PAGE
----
With so many German dishes to choose from, can you pick your favourite?
At Lingoda, we all love food. From vegans, to meat eaters, the Lingoda team like flavour and variety! Germany is famous for its traditional dishes, and many have been updated to cater for alternative lifestyles and dietary requirements. Homely, rich and hearty, Germans know how to cook a good meal.
And who better to ask about German food than the experts. The Lingoda team know their Bratwurst from their Currywurst. And we’ve seen heated exchanges over what’s better, a Schnitzel or Leberkäse…
Berliners and tourists love Currywurst so much that the capital now has its very own Currywurst Museum! The famous sausage and sauce fast food combination was the invention of Herta Heuwer, a Berlin resident. In 1949, she managed to obtain some ketchup and curry powder from some British soldiers in the west of the city. She then mixed the curry powder and ketchup together and poured it over grilled pork sausages. Herta sold the Currywurst at a street stand in Charlottenburg.
Nowadays, you can buy the dish in many restaurants and at street food stalls across the city.
Vegans, vegetarians and meat eaters alike love this dish. Spätzle is similar to pasta, and the original recipe is made from a combination of eggs, flour, salt and a dash of fizzy water! It’s one of the country’s most popular and versatile dishes. Spätzle is often used to bulk up soups. It can also be transformed into a main meal by adding cheeses, meats and sauces. Yummy!
Leberkäse is a popular snack often found in bakeries. It can either be eaten alone, or with a crusty bread roll. Leberkäse is made from corned beef, pork and bacon. It was invented in 1776 and has remained popular ever since. There are other variants of the dish, which include adding cheese, peppers and onions. Most of the time, you will see German’s eating it like a thick sandwich filler.
No visit to Berlin is complete without trying one of their famous Döner Kebaps. Legend in the city has it that the meaty dish was created, in 1972, by a Turkish worker called Kadir Nurman. Nowadays, there are many variants, with vegetarian options especially popular. So, if you’re looking for a quick snack, or a treat after a night out clubbing, you’ll find a kebap shop on almost every street corner in Berlin.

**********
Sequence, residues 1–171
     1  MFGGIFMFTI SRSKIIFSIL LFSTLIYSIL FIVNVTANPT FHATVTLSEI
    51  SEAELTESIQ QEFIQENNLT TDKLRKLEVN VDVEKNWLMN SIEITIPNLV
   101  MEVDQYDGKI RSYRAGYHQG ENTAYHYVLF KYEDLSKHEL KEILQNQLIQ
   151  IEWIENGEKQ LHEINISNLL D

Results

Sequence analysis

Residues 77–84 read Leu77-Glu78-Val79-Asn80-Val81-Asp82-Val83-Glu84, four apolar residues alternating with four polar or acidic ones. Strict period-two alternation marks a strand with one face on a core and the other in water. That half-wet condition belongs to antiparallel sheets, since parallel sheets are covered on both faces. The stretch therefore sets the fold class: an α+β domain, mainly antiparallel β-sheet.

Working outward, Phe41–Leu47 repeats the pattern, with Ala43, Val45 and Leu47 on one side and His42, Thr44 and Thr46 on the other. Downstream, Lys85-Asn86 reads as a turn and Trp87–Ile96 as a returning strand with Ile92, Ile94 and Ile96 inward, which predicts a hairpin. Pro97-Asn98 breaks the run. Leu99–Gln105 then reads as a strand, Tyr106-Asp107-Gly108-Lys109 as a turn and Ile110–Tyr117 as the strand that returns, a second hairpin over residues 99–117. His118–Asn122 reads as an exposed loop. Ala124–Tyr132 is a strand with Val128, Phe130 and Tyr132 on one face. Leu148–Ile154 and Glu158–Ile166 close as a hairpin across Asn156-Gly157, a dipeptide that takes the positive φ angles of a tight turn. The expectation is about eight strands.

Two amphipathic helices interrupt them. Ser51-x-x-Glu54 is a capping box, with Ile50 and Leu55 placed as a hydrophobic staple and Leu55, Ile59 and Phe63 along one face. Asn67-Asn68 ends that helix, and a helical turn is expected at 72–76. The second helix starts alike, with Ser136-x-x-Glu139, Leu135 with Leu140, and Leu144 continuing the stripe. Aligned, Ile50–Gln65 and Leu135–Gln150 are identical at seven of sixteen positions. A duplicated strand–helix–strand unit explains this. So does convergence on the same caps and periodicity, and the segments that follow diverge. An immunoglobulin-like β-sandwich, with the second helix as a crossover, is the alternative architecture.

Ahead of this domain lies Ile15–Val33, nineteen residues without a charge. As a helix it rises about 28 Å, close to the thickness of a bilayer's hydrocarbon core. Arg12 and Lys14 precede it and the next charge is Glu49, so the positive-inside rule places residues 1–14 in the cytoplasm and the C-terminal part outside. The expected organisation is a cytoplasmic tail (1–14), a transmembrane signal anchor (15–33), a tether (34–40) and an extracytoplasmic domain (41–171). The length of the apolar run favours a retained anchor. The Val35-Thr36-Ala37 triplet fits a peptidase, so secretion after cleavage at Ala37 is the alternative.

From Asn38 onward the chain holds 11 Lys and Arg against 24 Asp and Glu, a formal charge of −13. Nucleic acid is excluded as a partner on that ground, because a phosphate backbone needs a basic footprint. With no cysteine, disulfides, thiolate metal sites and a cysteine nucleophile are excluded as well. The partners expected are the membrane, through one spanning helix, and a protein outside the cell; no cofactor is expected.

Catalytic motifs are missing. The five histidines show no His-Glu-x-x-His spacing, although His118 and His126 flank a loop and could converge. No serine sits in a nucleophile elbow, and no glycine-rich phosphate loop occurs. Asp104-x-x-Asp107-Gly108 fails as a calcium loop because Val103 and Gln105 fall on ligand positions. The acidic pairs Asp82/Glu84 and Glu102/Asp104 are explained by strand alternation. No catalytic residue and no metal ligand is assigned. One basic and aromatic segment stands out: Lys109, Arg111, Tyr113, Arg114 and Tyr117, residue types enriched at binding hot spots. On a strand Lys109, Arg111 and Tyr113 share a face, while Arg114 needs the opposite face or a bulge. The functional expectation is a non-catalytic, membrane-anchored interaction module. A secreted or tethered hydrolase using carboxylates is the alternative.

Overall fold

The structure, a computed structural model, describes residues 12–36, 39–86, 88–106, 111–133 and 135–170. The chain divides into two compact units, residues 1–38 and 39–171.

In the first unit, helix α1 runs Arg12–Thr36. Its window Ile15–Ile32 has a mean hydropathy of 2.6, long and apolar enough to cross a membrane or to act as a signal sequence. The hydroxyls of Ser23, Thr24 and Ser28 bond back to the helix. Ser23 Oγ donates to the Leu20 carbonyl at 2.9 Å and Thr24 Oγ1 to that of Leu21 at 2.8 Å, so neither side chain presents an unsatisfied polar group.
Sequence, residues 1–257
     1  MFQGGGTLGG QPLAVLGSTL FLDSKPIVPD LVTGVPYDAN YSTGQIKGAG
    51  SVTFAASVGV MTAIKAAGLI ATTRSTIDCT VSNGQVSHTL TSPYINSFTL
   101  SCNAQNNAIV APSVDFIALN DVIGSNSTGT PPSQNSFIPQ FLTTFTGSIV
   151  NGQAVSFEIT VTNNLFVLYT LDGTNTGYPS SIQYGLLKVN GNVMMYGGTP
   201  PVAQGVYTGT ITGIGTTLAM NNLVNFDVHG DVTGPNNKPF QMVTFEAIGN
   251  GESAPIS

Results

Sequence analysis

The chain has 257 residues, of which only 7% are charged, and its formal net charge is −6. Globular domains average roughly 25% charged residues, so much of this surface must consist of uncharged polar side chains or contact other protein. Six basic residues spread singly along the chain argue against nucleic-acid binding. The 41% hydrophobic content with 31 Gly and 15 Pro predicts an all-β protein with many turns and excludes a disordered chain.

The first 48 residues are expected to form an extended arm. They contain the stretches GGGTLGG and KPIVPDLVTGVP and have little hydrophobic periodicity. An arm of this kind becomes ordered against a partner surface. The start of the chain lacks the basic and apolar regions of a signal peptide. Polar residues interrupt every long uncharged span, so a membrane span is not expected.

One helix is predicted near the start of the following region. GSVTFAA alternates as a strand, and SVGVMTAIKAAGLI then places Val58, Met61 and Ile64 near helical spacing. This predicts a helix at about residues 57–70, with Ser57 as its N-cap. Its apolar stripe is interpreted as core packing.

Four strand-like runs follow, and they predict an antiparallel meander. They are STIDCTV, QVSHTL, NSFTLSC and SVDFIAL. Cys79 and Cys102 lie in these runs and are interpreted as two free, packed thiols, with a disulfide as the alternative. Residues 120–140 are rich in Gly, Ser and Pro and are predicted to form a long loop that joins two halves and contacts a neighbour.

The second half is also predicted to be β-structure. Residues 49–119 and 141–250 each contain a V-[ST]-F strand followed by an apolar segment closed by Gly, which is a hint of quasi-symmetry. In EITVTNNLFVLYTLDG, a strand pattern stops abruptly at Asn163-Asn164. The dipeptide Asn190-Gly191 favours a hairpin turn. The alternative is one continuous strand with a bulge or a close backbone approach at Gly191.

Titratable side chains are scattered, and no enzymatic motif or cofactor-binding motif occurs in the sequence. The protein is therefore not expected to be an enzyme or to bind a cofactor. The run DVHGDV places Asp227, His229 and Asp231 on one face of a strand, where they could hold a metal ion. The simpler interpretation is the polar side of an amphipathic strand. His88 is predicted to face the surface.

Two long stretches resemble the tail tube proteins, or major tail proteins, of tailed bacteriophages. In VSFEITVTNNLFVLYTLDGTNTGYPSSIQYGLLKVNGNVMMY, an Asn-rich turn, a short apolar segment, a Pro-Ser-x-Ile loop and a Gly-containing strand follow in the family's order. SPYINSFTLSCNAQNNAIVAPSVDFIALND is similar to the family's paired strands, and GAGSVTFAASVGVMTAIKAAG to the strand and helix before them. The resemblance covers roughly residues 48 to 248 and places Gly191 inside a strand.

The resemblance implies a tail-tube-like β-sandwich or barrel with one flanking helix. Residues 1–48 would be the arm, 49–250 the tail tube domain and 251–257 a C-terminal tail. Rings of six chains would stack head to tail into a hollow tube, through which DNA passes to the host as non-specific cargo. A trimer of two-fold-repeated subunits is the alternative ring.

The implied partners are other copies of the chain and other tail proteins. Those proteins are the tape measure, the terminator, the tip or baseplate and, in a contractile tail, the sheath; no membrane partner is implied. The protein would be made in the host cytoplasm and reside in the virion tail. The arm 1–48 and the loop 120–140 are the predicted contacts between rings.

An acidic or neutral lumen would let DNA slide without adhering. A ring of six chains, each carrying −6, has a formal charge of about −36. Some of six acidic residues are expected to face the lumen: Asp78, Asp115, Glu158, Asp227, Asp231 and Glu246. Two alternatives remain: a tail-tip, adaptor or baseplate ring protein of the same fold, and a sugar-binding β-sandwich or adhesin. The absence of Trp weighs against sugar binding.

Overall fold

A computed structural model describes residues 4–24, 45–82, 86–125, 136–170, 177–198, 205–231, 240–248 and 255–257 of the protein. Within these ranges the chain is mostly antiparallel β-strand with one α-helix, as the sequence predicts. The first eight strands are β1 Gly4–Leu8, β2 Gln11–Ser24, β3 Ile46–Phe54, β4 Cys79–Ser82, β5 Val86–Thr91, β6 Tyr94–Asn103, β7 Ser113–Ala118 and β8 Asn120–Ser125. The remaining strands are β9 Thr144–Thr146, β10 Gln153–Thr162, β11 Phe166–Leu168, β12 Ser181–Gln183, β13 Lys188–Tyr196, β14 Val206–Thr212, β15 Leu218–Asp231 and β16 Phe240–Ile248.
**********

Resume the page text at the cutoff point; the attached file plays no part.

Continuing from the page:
This beef roll dish hails from Saxony. It’s the perfect meal for a cold winter’s night. And there are plenty of those in Germany! A typical Rinderroulade is packed full of flavours! The meaty roll is usually teamed up with potatoes, dumplings, red cabbage, and gravy. It’s the closest thing to a typical English Sunday roast – minus the Yorkshire puddings.
Orginally from Austria, Schnitzel is possibly one of Germany’s most famous dishes. It’s made using either veal, chicken, mutton, beef, turkey, reindeer, or pork. The dish comes breaded and is usually served with fries and a side salad. Most people outside of Germany have heard of the wiener schnitzel which is made from a thin slice of veal.
The wiener schnitzel is one of the national dishes of Austria but is a firm favourite across much of Europe and North America.
Time for the desserts!
Otherwise known as Pfannkuchen, the Berliner is a traditional German pastry. It is similar to a doughnut and is usually filled with marmalade, jam, or mustard! Yes, mustard (here’s why). On New Year’s Eve, some Germans fill one of the Berliners with mustard, and the person who bites into it will have good luck for the rest of the year.
You can find the simple snack in most bakeries across Germany, including vegan friendly versions.
Stollen is a tasty dessert which is eaten around Christmas time. It’s a delicious bread made from dried or candied fruit, nuts, spices (including cinnamon), and marzipan. Stollen originates from Dresden. The city celebrates the dish every year by baking a huge Stollen, usually weighing around 4 tonnes! It tastes great with a warm drink, or even a Glühwein!
Germans know how to make a good Käsekuchen (cheesecake)! The recipe is quite simple consisting of quark, cream, flour, eggs and sugar. Best served with a large cup of coffee, it’s wonderfully fluffy texture is thanks to the quark. If you fancy trying one for yourself, you’ll find Germans enjoying their coffee and cake most afternoons.
If you love buttercream, vanilla custard, and caramelised almonds, the Bienenstich (Bee sting cake) is for you! But you really do need to have a sweet tooth. Bienenstich is comprised of three layers: the honey glazed topping, the creamy smooth filling, and the cake dough. Legend has it that the baker who invented the cake was stung by bee who was attracted to the honey topping – and this is where the cake gets its name!